LEGISLATION governing access to public information is “frozen in time” and needs to be overhauled, a watchdog has said.

Daren Fitzhenry, the Scottish Information Commissioner, said the world had moved on since the Freedom of Information Act was established.

He said there now needed to be a “comprehensive look” at the law to bring it up to date with the modern world.

It comes after he mounted an investigation into the Scottish Government’s transparency record following complaints from the media.

He found FoI requests from journalists, MSPs and political researchers were “expressly made subject to a different process for clearance than other requester groups” – a practice which was inconsistent with the legislation.

Speaking to Holyrood's Public Audit Committee, he called for the legislation to be re-examined.

He said: “It’s been some time since the Act was obviously enacted to begin with.

“Society has changed somewhat over that time. We had a situation whereby fewer than 50 per cent of households had internet access back in 2002.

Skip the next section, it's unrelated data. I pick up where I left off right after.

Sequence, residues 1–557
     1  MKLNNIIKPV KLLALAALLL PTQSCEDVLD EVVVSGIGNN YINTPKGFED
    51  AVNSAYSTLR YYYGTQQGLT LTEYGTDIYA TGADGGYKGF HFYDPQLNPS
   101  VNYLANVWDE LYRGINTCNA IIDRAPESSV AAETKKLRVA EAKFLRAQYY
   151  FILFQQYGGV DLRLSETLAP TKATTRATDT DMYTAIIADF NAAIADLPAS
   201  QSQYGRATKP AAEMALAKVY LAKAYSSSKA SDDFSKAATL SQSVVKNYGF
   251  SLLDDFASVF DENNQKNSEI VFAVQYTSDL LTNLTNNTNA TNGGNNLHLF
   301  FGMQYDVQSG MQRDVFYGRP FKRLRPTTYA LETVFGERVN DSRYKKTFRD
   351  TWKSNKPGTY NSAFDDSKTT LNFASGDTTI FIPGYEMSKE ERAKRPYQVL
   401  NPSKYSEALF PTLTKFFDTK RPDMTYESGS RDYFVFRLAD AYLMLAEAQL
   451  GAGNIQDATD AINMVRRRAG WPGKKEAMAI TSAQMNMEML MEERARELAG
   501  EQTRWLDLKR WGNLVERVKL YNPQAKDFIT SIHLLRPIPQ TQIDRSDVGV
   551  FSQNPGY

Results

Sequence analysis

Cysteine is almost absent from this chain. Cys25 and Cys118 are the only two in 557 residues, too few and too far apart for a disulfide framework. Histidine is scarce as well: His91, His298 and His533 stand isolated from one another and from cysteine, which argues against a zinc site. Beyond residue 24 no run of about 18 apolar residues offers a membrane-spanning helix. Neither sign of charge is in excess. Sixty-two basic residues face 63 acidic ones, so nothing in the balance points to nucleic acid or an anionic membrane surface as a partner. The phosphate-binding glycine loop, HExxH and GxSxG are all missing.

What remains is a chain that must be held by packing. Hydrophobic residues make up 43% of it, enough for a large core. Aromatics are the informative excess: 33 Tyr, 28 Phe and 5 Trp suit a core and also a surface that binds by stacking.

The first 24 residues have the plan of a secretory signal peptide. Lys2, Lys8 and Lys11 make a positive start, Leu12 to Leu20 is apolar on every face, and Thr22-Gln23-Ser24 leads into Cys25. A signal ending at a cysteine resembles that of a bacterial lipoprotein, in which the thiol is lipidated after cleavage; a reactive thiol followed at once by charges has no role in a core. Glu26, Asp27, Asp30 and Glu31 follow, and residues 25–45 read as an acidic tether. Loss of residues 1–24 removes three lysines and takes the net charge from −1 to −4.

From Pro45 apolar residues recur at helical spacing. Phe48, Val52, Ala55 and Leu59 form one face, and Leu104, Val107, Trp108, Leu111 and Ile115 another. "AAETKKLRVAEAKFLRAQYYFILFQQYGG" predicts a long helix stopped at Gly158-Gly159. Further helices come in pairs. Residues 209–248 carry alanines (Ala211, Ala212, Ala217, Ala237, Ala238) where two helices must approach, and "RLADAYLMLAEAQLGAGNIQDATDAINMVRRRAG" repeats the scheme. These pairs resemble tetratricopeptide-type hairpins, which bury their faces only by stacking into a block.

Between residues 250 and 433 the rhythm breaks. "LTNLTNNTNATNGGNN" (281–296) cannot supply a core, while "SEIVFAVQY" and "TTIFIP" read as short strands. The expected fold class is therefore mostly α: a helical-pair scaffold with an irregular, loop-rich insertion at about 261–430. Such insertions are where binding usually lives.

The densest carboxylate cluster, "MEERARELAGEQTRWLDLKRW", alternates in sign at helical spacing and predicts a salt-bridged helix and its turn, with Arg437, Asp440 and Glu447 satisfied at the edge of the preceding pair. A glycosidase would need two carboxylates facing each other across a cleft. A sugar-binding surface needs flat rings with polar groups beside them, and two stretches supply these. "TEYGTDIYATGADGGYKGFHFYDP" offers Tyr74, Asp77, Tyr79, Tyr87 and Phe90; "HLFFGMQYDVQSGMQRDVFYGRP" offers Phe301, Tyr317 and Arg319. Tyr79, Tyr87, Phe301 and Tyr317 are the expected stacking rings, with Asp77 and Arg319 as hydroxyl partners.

“We’re now at a situation whereby it’s comfortably into the 80s. We’ve got a society that demands more information, expects more information.

“We’ve got a number of other initiatives. We’ve got open government, open data, digital strategies.

“The world has not stopped, but the Act is sort of frozen in time.

“We certainly did have some scrutiny and amendment in 2013, but it wasn’t a comprehensive look.

“There are still a number of areas – particularly in relation to proactive publication – where I think we could develop matters further.

“And also in relation to proactive intervention to improve authority practice, which is where a lot of the concerns about the current system lie.”

Mr Fitzhenry previously found evidence journalists had been “significantly less likely to receive information” from the Scottish Government.

He said there had been “unjustifiable, significant delays” and disregard for legal timescales.

And he called on Scottish ministers to end their practice of treating journalists, MSPs and political researchers differently “because of who or what they are”.

The Scottish Government said it accepted the findings of his report in full, and confirmed internal guidance would be updated with immediate effect.